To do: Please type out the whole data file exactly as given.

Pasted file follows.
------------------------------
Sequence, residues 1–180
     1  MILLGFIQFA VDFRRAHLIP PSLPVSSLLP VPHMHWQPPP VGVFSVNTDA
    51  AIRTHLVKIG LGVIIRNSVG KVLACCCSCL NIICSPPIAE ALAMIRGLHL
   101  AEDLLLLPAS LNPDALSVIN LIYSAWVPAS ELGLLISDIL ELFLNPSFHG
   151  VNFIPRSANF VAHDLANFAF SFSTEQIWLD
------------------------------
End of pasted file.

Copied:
Sequence, residues 1–180
     1  MILLGFIQFA VDFRRAHLIP PSLPVSSLLP VPHMHWQPPP VGVFSVNTDA
    51  AIRTHLVKIG LGVIIRNSVG KVLACCCSCL NIICSPPIAE ALAMIRGLHL
   101  AEDLLLLPAS LNPDALSVIN LIYSAWVPAS ELGLLISDIL ELFLNPSFHG
   151  VNFIPRSANF VAHDLANFAF SFSTEQIWLD